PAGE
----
I have previously raised questions about LSAC and its role in connection with law schools. There is no doubt that it can provide a much better service--in particular by supplying the ABA the data on LSAT and GPA medians for every law school. It has this information in its data bank and providing this directly to the ABA would avoid errors as well as false reporting.

Law schools elect the Board of Trustees that oversees LSAC. It is time to elect people who will take a hard look at its operation. What are LSAC's priorities? Why is it amassing a huge pile of money? Why is it raising fees when it is not losing money? Why are the officers paid so much? Why is there a general counsel and assistant general counsel, with a combined salary of half a million dollars, along with legal fees to outside law firms totaling another half a million dollars? Why is a million dollars spent each year on lobbying? Why does LSAC pay for "guests" to accompany staff members to two board meetings a year? (All of this information is available on Guidestar).

I am not saying that there is anything wrong with LSAC. There may be good answers to all of this. But it doesn't hurt to ask.


These are very good questions. Maybe someone in Congress should ask them.

If I were you, I'd forward what you've found to the Attorney-General of whatever State LSAC is registered in (I think its HQ is in Pennsylvania). Inexplicable wasteful spending seems a breach of trustees' duties of care, and assuming that LSAC is a charity, it's up to the A-G to supervisze them.

A pre-law student of mine pointed out this line from the article reporting the higher fees:

"At the same time, the council has expanded its services, while some of the costs for law schools to attend meetings and workshops have gone down." (Emphasis added.)

Which raises one more question in addition to the very good ones you ask: Why is LSAC shifting more costs away from law schools and to prospective students?

Of course, the answer is clear -- as a membership organization made up of law schools, its very point is to represent the interests of law schools, not students.

If they charged less for their services, they would be accused of trying to lure in unsuspecting students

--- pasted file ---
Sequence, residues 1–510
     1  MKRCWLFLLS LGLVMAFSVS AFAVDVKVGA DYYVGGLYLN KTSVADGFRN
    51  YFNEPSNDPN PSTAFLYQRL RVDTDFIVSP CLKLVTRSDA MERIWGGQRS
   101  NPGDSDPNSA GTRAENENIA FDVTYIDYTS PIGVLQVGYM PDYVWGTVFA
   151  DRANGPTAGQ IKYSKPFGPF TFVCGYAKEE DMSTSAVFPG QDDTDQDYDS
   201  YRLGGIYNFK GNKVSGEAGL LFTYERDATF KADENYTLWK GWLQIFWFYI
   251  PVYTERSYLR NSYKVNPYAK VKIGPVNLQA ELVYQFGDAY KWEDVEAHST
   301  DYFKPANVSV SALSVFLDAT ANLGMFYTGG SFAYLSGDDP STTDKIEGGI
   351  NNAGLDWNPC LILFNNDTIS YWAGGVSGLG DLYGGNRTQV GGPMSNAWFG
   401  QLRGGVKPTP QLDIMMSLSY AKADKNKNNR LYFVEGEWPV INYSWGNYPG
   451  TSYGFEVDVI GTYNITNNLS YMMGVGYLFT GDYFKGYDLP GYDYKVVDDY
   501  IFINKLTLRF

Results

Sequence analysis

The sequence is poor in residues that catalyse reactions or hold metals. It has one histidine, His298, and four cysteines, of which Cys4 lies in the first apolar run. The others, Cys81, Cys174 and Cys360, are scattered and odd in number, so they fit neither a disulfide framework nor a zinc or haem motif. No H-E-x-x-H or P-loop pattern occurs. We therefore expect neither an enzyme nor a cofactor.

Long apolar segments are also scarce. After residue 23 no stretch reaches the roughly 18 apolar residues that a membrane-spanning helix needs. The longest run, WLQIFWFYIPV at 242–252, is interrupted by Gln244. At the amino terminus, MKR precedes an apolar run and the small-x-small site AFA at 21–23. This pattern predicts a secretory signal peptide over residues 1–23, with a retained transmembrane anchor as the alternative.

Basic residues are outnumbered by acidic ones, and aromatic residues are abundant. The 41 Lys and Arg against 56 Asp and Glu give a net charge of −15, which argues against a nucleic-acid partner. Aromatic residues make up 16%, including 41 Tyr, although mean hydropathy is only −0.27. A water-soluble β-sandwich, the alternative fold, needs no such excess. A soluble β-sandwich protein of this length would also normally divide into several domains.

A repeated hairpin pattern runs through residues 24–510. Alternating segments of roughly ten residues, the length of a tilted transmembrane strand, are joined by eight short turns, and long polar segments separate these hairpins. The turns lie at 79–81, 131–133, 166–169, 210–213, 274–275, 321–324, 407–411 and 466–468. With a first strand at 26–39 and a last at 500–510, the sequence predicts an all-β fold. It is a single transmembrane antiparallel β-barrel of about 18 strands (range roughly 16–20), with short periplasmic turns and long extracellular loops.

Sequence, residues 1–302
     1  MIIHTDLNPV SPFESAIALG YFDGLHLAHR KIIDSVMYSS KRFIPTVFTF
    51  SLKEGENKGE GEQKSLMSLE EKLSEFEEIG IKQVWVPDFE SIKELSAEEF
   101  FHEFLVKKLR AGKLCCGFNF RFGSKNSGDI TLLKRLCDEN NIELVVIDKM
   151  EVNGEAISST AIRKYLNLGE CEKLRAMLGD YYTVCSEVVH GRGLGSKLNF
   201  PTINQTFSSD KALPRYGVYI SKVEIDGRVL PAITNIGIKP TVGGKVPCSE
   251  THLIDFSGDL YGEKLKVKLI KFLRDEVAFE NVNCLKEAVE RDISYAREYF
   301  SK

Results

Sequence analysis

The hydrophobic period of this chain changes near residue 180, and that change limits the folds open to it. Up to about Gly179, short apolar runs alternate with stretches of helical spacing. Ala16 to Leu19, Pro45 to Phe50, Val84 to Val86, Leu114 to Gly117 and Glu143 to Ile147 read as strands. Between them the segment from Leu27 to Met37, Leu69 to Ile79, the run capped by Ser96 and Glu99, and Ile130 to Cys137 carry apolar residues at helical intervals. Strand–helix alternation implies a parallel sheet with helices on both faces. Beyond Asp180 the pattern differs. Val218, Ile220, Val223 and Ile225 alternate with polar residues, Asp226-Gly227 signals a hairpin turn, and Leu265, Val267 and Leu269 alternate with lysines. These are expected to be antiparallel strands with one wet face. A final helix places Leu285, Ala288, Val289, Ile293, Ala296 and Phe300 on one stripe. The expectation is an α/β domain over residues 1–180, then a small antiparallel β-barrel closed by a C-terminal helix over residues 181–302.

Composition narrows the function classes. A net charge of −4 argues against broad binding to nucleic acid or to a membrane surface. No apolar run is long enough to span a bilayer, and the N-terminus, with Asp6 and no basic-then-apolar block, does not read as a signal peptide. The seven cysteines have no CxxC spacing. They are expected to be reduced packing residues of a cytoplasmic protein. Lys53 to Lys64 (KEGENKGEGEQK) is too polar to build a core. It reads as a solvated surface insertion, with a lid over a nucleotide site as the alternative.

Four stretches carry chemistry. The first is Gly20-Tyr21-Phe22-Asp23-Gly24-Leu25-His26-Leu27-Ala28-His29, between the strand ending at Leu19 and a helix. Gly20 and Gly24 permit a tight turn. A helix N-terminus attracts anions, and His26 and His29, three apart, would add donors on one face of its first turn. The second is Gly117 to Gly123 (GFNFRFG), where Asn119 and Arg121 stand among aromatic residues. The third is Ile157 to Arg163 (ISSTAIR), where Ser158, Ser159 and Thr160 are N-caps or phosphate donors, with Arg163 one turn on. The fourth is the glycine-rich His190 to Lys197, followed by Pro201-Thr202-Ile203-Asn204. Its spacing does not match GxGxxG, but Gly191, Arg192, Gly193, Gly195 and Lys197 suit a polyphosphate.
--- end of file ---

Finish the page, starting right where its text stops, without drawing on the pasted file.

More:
even as the job market shrinks. If this move discourages people who are really just thinking of going to law school because they do not know what else to do from applying, why is this a bad thing?

This comment has been removed by the author.

BH--As always with financial barriers, the hike in fees will only dissuade people who have less money. Although I have consistently argued that law schools must dramatically reduce the number of students they enroll, this is not the right way to limit access to law school.

Mis--You made the same point when you commented on the previous post about LSAC. I agree.

Diane--You are right that LSAC thinks more about member law schools than students, and I agree that students should not bear this burden. But neither law schools nor students want these hikes. In raising fees under these circumstances it looks like LSAC is thinking only about itself--about building its treasury.

People who are truly needy can get fees waivers. I think their explanation for the hike is plausible. Even if one disagrees, it does not rise to the level of something that requires an investigation. Again, if they lowered the price they would be criticized, too.

Since the $200mm is money paid by students that was not used in the provision of the exempt services, then it should benefit students: scholarships, loan assistance, contests, grants ... .

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That would be hard to imagine given that the fees generated appear to exceed the costs of running the tests and processing the applications, much of which is computerized.